family lending

The Pitfalls of Lending Money to Family

With insolvency proceedings rapidly rising across the country and thousands of Canadians still out of work, we are facing challenging economic times. During times like these many individuals begin to look at those closest to them for financial assistance. Often friends and family are approached for loans to help, however, family lending can be fraught with challenges and pitfalls. Therefore, caution is advised.

The Most Common Pitfalls of Lending Money to Family

At one point or another, we all have, myself included, lent money to family and perhaps even borrowed money from them. In either situation, the outcome is not always ideal. I personally have learned a lot from my experiences and have outlined some of the issues you might face should you decide to lend money to family in the future.

1. There are no terms to the loans: Often loans to family are open-ended which means that there isn’t an agreed-upon timeline for repayment, and often they don’t include any interest on the loans. This will leave the lender (you) in limbo. Not knowing when you will be repaid can often lead to personal stress as you might’ve been expecting a repayment so that you can meet your own bill payments.

Protip: If you do decide to lend money to family or anyone, always agree to a repayment schedule so that you are not left wondering when or if you will receive your money.

2. It’s often difficult to ask for the money back: It is difficult to ask someone you care about for the money you lent them, as often such a conversation makes one feel very awkward. If both parties attempt to ignore the situation and not talk about it, it can often lead to a sense of confusion and hurt feelings between those we are closest with.

Protip: If you do decide to lend money to family or anyone, always ensure that you would be comfortable with having this conversation with them before advancing them any money.

3. Family loans are not a priority: Often loans from family are the last to be repaid as they are often interest-free and they do not affect the credit score of the borrower. This leaves the borrower with little incentive to return the funds in a timely manner and can often leave the lender wondering when they will be repaid.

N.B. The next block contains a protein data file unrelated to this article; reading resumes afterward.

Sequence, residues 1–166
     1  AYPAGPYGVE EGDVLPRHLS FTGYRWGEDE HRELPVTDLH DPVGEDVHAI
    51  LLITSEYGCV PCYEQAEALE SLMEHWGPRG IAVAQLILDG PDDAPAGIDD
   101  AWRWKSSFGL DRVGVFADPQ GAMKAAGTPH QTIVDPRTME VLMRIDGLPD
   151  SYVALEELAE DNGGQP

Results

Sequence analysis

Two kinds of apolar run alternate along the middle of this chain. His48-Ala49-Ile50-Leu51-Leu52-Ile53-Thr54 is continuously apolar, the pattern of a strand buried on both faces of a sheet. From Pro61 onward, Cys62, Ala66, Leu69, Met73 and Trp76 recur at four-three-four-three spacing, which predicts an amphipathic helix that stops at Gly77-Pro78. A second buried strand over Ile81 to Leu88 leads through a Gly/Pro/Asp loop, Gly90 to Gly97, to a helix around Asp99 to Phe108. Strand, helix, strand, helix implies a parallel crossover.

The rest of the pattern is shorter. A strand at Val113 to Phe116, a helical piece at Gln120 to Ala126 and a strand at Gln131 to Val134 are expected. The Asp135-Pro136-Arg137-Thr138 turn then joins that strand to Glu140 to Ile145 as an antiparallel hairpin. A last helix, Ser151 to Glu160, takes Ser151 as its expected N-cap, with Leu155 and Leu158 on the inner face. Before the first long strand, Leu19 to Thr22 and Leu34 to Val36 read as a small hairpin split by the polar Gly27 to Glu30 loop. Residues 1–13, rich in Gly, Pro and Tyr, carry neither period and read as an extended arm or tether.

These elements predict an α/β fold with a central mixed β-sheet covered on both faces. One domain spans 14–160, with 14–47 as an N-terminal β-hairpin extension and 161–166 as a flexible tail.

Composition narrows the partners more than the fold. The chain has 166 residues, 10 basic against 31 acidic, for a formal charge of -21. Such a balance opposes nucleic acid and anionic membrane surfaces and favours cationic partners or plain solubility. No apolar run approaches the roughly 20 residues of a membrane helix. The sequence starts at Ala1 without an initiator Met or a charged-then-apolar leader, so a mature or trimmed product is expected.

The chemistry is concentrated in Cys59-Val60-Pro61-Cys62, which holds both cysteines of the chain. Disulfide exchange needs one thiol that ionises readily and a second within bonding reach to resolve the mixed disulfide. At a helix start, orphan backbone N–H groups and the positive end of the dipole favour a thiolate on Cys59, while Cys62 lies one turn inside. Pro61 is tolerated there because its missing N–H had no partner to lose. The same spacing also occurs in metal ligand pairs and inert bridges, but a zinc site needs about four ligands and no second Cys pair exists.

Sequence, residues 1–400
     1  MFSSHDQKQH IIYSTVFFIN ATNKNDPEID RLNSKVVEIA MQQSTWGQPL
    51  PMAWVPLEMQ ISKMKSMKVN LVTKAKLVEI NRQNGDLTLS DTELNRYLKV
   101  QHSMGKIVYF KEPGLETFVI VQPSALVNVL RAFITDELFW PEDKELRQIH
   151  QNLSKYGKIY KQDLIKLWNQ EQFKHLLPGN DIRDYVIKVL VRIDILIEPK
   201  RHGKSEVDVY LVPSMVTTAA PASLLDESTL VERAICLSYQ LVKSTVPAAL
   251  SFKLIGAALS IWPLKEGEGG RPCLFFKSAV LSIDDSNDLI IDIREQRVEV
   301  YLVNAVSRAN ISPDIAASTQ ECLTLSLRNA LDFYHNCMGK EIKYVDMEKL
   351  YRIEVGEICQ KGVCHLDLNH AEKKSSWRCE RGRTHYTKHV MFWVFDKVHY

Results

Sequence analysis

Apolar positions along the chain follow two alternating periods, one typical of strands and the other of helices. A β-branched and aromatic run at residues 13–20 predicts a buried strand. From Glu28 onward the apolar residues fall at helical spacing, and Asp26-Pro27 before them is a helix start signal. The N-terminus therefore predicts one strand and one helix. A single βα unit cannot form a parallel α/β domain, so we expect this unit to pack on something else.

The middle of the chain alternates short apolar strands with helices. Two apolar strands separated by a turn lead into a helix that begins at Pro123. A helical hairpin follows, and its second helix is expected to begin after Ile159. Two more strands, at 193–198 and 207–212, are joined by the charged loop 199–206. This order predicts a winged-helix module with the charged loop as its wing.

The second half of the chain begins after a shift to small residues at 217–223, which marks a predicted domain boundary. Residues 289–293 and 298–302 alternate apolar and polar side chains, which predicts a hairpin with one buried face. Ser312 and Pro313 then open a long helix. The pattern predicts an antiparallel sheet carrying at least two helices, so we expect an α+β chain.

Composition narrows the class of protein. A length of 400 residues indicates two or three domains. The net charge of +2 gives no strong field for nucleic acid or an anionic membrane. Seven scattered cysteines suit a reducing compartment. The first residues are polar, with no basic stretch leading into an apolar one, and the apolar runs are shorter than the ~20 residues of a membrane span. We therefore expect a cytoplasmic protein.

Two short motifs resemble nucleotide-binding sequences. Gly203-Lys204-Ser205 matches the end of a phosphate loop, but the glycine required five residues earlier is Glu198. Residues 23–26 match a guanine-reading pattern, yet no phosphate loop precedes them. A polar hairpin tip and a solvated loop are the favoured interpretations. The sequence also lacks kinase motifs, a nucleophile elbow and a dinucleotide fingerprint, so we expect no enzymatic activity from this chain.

Protip: If you do decide to lend money to family or anyone, always ensure that if the funds are not paid to you in a timely manner that it will not cause you to be late on your own bill payments.

4. A vicious cycle: The person borrowing the money may become dependent on the lender and can return more frequently to borrow more money. If you are a person that has difficulty saying “No” this will often lead you to a point when you are unable to meet your own debt obligations. Avoid becoming the family ATM.

5. Losing money and a relationship: If you lend money to family, always be aware that there is a possibility that you will not get your money back. This may damage your relationship with them and result in ongoing tension.

Protip: If you are worried about damaging your relationship with them it’s always best to not lend any money. This is the best way to avoid any future tension or arguments.

Co-signing Debt – More Pitfalls

Co-signing a loan can also cause personal and financial problems. You might think that co-signing for something like a car loan or a rental agreement will not have the same direct impact on you as lending them money; however, it can and often still does, negatively affect your finances when things go awry.

In the event of missed payments, as a co-signer, you are agreeing to make up for any payments that may be missed, and the lender may come after you for these payments. These payments may eventually begin to affect your own personal credit score so it’s always best to ensure that you are in a secure financial position prior to co-signing any debt for family.

Other Options

I know from personal experience that it’s difficult to refuse to lend money or co-sign a lease for a family. Lending money often has a way of coming between you and those you love even though you were only trying to help. If helping family is going to put a strain on your own finances its best to try to find other ways you can help such as:

  • Talk to them about their finances. Ask them to work out a budget with you and see if you can help them find areas in the budget that can be improved.
  • Talk to them about other loan options, such as obtaining a line of credit. Ensure they understand the risks of high-interest loans such as “payday loans” and “cash advances”.
  • Discuss ways they can improve their own credit scores.

In the end, if you do decide to help your family and lend them money, remember to only lend as much as you can afford to lose. If you think of the amount as a gift rather than a loan, and that there is a high chance you will never see the money again, it will likely help to ease any negative experiences you might have. Letting this concept sink in will help you avoid damaging your relationship with your family in the event they do not pay you back.

Derek L. Chase, CPA, CA, LIT

Being able to offer debt help assistance to individuals and corporations on a more intimate basis was a driving force in completing a “second CPA” by becoming licensed by the Federal Government as a Licensed Insolvency Trustee (previously Trustee in Bankruptcy) in 1997. It is extremely satisfying to be able to witness lives change for the positive due to a restructuring of financial affairs.